Reading Archives

With this blog, I am planning to offer, as regularly as possible, critical observations on the scholarly and popular literature analyzing the nature of archives or contributing to our understanding of archives in society. I hope this blog will be of assistance to anyone, especially faculty and graduate students, interested in understanding archives and their importance to society.

Wednesday, September 17, 2008

Letters of the Art Raiders

I have long been fascinated by the cultural and political activities of the American Progressives, operating in an era not only when there was supreme confidence in reforming and managing society but when these efforts translated into the founding of great institutions (libraries, museums, archives, universities) and disciplines (history, political science, economics, anthropology) necessary for staffing these institutions. Cynthia Saltzman, Old Masters, New World: America’s Raid on Europe’s Great Pictures 1880-World War I (New York: Viking, 2008) interested me because it analyzed the imperialistic collecting that laid the foundation for great institutional and personal art collections that we enjoy and marvel at today.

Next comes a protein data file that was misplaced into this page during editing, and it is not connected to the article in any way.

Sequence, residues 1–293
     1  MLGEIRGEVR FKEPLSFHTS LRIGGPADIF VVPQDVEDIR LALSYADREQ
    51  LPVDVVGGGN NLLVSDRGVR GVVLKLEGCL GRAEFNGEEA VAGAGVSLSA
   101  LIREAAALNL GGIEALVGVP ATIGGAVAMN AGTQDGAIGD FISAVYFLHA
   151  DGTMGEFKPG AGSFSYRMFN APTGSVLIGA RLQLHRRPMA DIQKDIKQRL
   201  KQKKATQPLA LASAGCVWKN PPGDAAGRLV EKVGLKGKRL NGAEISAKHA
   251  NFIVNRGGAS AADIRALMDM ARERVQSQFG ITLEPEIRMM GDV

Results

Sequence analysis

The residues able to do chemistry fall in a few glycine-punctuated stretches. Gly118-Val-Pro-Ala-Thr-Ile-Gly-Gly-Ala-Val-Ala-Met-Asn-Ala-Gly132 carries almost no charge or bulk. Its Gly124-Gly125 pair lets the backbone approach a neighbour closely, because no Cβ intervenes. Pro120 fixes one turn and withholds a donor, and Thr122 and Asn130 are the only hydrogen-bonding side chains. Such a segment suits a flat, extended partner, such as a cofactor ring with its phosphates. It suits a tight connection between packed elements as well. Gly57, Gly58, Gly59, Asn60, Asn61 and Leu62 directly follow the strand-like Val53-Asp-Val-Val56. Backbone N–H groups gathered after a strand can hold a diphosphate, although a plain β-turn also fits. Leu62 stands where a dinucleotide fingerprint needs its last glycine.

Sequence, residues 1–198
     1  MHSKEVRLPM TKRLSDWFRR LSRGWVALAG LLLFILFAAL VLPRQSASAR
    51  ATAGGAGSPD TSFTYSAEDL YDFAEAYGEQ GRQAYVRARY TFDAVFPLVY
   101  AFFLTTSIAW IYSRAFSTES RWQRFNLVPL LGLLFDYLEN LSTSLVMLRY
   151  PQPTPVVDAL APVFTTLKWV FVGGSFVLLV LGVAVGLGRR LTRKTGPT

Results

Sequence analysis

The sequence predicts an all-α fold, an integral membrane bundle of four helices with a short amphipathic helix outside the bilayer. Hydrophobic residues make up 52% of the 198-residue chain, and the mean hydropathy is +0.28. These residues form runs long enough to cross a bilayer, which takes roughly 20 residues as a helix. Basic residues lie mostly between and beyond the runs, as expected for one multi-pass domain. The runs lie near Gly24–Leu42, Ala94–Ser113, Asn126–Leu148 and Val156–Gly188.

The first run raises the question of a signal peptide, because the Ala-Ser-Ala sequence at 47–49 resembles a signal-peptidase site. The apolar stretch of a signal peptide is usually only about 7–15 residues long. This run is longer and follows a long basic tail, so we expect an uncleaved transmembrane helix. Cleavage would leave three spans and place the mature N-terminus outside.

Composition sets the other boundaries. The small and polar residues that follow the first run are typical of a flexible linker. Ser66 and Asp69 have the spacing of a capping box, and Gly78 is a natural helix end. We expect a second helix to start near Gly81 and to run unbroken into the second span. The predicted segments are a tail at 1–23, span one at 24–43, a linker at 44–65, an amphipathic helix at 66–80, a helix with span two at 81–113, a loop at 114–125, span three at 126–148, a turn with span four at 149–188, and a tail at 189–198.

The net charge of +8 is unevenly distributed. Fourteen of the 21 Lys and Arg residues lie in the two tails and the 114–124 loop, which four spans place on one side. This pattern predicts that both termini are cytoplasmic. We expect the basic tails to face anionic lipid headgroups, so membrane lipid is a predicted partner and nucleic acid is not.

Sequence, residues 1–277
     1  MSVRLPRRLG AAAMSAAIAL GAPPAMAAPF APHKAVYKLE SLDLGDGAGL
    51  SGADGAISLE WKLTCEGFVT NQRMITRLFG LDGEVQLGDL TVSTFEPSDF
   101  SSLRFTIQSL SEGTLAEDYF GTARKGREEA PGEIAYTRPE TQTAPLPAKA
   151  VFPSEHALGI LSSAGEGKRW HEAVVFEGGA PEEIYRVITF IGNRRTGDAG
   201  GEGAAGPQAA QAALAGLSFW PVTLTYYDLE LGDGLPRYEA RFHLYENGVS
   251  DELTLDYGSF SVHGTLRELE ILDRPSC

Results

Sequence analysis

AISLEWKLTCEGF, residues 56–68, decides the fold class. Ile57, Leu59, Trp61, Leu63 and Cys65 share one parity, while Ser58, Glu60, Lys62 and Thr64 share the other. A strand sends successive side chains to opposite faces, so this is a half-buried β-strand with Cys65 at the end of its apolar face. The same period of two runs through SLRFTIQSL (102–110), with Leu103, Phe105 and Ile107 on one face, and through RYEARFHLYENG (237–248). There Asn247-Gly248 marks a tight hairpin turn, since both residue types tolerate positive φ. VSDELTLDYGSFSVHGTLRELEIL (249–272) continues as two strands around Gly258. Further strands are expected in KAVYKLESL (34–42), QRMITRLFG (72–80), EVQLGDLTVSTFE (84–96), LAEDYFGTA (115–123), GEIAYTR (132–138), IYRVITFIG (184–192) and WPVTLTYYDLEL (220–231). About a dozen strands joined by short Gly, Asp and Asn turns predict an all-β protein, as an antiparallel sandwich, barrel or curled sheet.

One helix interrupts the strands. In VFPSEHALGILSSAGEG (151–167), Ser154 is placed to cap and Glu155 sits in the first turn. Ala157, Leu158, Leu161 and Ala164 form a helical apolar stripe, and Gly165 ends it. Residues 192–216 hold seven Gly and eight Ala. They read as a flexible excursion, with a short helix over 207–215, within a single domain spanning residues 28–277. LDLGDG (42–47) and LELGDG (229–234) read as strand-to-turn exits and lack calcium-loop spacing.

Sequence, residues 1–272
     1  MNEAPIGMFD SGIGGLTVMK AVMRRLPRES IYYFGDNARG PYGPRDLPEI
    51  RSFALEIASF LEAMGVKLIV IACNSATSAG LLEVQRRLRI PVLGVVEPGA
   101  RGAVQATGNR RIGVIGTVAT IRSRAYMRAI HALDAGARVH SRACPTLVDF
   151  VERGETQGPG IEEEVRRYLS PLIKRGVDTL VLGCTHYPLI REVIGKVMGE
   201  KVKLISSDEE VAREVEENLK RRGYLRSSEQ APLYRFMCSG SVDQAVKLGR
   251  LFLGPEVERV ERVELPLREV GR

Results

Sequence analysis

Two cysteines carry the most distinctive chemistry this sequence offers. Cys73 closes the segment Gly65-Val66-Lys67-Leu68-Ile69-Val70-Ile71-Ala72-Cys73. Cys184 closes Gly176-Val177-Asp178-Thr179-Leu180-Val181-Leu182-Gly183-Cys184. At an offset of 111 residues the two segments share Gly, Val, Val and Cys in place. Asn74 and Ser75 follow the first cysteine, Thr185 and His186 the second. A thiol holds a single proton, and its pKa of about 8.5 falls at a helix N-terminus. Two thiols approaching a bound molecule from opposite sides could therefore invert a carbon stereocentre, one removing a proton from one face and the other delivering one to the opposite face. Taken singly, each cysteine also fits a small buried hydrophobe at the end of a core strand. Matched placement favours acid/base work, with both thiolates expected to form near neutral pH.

What we learn in reading her book is that the dealers, collectors, and others involved in amassing these collections left behind their story in rich archival holdings that have not been fully told. Peering at the museums of today, Saltzman muses that the “stillness and beauty of the museum galleries reveal of the rough and tumble involved in the very worldly pursuit of pictures.” She then argues, “That aspect of the story unfolds in written records. Letters and cables, penned and typed out a century ago by dealers, experts, and collectors reveal the tangle of motivations and circumstances behind each art purchase. Large leather sales books document the canvases that went in and out of galleries and the details of every transaction – dates, prices, sellers, buyers, investors, and middlemen. . . . These documents unveil the combination of ego, idealism, and ambition that fired America’s Old Master collecting, and they suggest the complexity of the process by which a nation acquires its culture and art” (p. 7).

In Saltzman’s capable hands, we can read interesting stories about the chase after particular paintings, the wheeling and dealing engaged in by an intriguing array of characters, and how people who believe they can shape society to their own ends often leave behind wonderful documentation about their exploits.